The critical response to the exhibition has divided neatly into those who engage with Blake in his time, and those who want to draw lessons for our historical moment. For Jonathan Jones in the Guardian, Blake was not just a “self-taught genius who comes out of the popular culture of 18th-century London” but a “feminist”, an “anti-racist” and a “pacifist”. For Matthew Collings in the Evening Standard, one image evoked “a Jeremy Corbyn god who rolls a sun along the ground as if he’s rolling away Boris Johnson’s no deal”. (Considering the image is of Blake’s cosmic tyrant Urizen, the Leader of the Opposition may have a case here for gross defamation). On the other side, Rachel Campbell-Johnston of the Times stressed “the radical politics of his revolutionary era” and characterised him as an artist of London, as much as of mythologies. Laura Freeman in the Spectator presented him as an artist who balanced historical realities and his own fantasy, “Nelson and Lucifer, Pitt and the Great Red Dragon, chimney sweeps and cherubim, the Surrey Hills and Jerusalem in ruins, the alms houses of Mile End and the vast abyss of Satan’s bosom.” Almost all the reviews regarded Blake with rapture. Only Alastair Sooke of the Daily Telegraph criticised the idea that Blake might be an “artist for the 21st century” and suggested this aim might not be compatible with the exhibition’s historicising goals. Nowhere in the critical response was there an appropriate humble acknowledgement that when a great artist rises in unpropitious circumstances, the critic is quite likely to fail to notice, to praise a Martin Archer Shee instead of a Blake, or, still, to observe like the solitary critic of Blake’s 1809 exhibition that these are “badly drawn… wretched pictures…[by] an unfortunate lunatic”. It’s quite easy to recognise greatness, two centuries on.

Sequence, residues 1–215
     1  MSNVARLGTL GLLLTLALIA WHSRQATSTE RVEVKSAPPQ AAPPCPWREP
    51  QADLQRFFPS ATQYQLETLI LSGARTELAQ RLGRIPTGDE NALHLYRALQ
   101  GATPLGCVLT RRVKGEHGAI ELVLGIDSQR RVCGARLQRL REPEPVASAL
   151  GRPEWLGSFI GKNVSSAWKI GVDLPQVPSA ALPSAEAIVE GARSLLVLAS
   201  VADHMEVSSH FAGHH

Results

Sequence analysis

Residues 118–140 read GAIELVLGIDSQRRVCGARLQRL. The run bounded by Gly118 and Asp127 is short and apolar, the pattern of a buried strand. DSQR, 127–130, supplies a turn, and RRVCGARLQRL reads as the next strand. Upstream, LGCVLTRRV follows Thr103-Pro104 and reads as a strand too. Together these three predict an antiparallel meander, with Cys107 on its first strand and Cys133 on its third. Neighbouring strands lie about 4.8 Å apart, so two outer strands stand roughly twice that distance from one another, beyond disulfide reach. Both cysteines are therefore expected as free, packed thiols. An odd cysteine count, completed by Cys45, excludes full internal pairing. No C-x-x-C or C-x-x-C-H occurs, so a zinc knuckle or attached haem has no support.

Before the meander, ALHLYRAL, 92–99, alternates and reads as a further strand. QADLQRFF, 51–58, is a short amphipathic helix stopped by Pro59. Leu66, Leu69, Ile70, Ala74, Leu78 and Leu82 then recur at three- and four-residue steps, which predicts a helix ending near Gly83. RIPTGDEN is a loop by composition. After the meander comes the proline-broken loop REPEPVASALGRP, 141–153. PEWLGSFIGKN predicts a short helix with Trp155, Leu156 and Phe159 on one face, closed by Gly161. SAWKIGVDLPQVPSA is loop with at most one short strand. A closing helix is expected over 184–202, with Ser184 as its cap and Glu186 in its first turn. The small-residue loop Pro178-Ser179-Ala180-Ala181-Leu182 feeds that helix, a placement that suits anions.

We are never going to look at Blake with innocent eyes. One interesting development of the exhibition: Tate has thought it necessary to warn us that one vitrine contains an image of “the brutal treatment of an enslaved person”. Moral judgements on art’s decency are nothing new, but this one is so remote from anything the anti-slavery movement might have considered as to make one wonder whether we can, in fact, be said to be looking at these images at all rather than our own projections.
Perhaps the most successful of the rooms in this exhibition is an apparently unambitious one: the 12 large colour prints made for Thomas Butts, including the famous Nebuchadnezzar and Newton. Unobtrusively well-lit, hanging on an ideal dark colour, they present their echoes and meaning without comment, for us to contemplate and engage with on our own terms, whether that is historicising or modern day, learned or innocent. I guess that’s all that Blake ever managed to do.